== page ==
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Brazil, Slave Trade carried on in .
Cleaveland, Johnson, [See “Emancipation,"]
Colonization. Extract from the Journal of Freedom, .
Cox, Dr. Abraham L.
en hie Letter on Abolition,' . im c. 110
Johnson Cleaveland, of Loudon co. Va. liberates by will his
slaves, on condition of going to Liberia,
Expeditions, Sailing of the Jupiter, .
39, 285, 286
Garrison, W. L., • .
• - - - 162, 227, 228
His Remarks on the Principles of the Society,
126, 151, 193-198, 286
209, 211, 315, 316
122, 156, 217
McDowall, Dr. Robert, a Colored Physician, emigrates to the Colony,
163, 190, 193, 195, 198, 217
0 Proceedings of the New-York City Colonization Society con- .
Onderdonk, Bishop, His Letter to the Rev, Peter Williams,
Richardson, David, a Colonist, his Letter, .
Sehon, Rev. E. W., Contributions received by him at Col
- 146, 147
- 104, 154
287, 304, 315
- 106, 107
Webb, Charles H., a Colored Medical Student, emigrates to the Colony, .
• - - - - - - 188
Wright, Rev. Š. 0. His Letter, -
Death of Mrs. Wright,
REVIEW OF ANTI-SLAVERY PUBLICATIONS, AND DEFENCE OF
THE COLONIZATION SOCIETY.
Address of the New York Anti-Slavery Society. Printed by West and Trow: New York,
1833. Declaration of the Anti-Slavery Convention, assembled at Philadelphia, De cember 6, 1833.
We have read the Address and Declaration above named, with surprise and regret. Had they been content with the fullest developement of their own views and principles, however much we might have differed, we should have felt respect even for the errors of misguided good will. But when the Declaration proceeds to enjoin political action, it is proper its principles should be examined; and when the Address, in a style of sin. gular self-confidence, assails and denounces by name, a respectable Society. that has long been labouring for the welfare of the African race, and, as we believe, with the purest motives; we deem it, in common justice, due to the history and the numerous friends of the Colonization Society, that it should be heard in defence.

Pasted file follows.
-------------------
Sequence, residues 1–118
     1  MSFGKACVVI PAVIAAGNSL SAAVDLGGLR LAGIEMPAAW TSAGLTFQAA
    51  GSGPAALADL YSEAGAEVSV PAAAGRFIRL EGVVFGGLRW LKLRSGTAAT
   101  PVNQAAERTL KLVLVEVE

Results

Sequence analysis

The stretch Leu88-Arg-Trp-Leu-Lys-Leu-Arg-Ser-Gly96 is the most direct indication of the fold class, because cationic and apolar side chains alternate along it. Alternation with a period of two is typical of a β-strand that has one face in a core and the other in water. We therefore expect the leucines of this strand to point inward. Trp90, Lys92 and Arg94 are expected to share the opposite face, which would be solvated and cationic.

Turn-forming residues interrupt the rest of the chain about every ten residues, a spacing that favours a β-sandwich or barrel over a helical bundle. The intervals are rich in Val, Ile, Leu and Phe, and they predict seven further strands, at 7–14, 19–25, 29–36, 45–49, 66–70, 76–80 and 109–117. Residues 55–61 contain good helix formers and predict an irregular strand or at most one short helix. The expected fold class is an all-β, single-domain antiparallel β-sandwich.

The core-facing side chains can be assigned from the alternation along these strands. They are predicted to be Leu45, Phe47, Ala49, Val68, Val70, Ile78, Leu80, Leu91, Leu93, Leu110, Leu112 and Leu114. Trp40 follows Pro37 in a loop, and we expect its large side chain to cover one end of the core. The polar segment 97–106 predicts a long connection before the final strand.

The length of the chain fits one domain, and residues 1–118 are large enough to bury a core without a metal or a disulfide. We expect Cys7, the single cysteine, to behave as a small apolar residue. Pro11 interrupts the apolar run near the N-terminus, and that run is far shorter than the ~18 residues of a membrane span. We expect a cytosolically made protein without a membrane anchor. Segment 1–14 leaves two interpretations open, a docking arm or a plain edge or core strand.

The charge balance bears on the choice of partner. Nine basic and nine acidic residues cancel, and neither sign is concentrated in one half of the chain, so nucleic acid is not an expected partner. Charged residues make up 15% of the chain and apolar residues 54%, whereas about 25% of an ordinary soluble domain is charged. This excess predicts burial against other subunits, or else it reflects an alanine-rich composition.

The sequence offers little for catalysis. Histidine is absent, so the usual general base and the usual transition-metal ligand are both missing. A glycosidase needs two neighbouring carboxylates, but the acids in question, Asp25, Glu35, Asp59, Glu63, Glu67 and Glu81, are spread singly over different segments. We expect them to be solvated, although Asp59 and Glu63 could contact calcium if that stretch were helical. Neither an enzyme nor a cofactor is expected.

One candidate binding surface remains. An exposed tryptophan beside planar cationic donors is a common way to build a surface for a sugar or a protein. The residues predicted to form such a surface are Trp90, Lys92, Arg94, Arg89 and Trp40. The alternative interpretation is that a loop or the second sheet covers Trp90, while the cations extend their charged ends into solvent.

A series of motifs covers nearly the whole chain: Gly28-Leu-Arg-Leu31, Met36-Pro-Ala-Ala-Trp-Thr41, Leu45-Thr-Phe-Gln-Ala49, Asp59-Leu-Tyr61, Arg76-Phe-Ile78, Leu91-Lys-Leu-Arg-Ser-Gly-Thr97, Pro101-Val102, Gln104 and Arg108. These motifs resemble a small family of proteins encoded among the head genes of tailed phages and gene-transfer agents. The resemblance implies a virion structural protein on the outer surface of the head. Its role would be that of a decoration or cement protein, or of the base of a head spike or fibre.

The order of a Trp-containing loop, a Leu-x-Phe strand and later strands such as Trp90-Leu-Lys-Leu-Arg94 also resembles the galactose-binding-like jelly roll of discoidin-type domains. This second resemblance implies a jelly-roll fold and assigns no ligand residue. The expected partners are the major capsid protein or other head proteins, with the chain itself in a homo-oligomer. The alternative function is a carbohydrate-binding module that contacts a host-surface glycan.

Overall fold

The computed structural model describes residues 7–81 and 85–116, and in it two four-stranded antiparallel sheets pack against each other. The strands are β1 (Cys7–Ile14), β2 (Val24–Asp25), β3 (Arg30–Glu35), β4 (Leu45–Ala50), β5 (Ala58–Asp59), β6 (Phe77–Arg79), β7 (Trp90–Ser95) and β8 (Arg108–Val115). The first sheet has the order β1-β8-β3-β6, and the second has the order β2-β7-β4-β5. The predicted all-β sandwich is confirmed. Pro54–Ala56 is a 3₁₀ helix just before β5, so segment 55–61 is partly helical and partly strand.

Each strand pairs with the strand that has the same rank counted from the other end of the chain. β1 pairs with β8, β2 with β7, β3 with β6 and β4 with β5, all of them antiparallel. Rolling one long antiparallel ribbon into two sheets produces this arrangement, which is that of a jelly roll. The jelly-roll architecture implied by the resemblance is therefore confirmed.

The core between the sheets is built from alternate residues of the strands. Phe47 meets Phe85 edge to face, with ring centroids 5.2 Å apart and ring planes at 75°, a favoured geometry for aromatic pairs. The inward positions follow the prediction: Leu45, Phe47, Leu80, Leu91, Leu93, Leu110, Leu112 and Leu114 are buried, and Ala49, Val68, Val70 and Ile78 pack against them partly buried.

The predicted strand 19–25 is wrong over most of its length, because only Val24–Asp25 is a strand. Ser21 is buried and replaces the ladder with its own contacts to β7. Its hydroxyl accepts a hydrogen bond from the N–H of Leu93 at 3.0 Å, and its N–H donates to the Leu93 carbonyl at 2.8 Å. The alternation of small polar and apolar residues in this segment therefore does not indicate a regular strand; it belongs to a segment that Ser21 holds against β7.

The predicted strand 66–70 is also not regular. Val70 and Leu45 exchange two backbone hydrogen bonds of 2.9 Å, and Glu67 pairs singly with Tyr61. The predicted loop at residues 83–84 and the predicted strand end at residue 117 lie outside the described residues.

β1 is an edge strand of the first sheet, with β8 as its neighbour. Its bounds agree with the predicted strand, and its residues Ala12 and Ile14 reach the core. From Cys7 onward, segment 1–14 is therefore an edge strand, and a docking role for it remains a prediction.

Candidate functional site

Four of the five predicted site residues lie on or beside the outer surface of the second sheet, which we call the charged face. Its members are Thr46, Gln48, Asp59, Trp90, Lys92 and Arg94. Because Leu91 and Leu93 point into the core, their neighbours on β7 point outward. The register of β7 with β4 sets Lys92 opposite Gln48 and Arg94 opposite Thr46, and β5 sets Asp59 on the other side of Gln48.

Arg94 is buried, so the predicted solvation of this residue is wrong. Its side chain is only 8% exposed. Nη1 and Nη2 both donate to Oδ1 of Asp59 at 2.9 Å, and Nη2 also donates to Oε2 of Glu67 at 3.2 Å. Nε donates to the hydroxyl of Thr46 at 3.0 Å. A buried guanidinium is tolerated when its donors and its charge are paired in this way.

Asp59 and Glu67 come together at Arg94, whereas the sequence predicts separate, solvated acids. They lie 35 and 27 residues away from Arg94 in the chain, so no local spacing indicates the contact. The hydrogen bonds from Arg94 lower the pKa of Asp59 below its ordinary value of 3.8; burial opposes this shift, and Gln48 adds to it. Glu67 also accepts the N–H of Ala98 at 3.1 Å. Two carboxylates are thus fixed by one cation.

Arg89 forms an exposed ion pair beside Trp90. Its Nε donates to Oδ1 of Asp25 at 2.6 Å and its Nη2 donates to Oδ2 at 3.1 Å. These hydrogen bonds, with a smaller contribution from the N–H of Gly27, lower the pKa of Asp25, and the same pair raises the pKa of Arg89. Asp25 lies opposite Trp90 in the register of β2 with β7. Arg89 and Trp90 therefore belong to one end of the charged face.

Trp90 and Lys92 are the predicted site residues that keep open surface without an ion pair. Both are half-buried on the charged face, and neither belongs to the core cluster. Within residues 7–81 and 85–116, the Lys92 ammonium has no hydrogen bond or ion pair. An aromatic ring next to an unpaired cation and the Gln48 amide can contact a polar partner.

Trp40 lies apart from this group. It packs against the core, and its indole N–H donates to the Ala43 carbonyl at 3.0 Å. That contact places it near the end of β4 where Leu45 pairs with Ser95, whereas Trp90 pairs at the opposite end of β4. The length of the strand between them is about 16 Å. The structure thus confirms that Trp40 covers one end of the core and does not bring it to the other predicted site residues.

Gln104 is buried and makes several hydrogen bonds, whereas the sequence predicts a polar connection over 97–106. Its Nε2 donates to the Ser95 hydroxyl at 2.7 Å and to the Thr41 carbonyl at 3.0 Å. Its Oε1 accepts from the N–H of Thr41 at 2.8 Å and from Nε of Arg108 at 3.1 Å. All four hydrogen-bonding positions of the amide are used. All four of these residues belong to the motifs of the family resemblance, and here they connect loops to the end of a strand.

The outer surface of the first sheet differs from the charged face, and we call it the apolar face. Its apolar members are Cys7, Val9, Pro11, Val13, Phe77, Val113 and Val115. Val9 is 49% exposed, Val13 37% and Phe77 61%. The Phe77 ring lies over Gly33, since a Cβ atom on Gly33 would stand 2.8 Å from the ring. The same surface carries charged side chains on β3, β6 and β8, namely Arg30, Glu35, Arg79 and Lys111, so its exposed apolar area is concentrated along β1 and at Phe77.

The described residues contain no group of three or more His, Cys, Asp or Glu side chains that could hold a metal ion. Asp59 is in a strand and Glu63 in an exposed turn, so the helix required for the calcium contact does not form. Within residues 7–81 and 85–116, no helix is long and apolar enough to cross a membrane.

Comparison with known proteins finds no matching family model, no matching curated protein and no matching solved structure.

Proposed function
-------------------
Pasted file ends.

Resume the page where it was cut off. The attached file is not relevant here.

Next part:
We must protest against the exclusive and uncompromising spirit of the Address, as exbibited in the following paragraphs: -"It is our object to recommend the only practicable and safe plan," &c. And again, “The only wise method of making it (emancipation) entire, is to make it immediate." We take leave to say, that many sober minded men, after deep reflection, believe that a system of gradual abolition is wiser, because happier for the slave, and safer for the country. And with such views, many of the free states have addressed their legislation to this subject. In New York and New Jersey, the abolition of slavery has been the gradual work of the last thirty years. The enlightened statesmen, who have devoted their best thoughts to this interesting subject, did believe that they not only might, but were solemnly bound to aim at less than immediate emancipation, while they were honestly and earnestly seeking the sure and final abolition of slavery.
- The Address has collected fragments of speeches, detached remarks of individuals, isolated paragraphs, culled from newspapers and reports of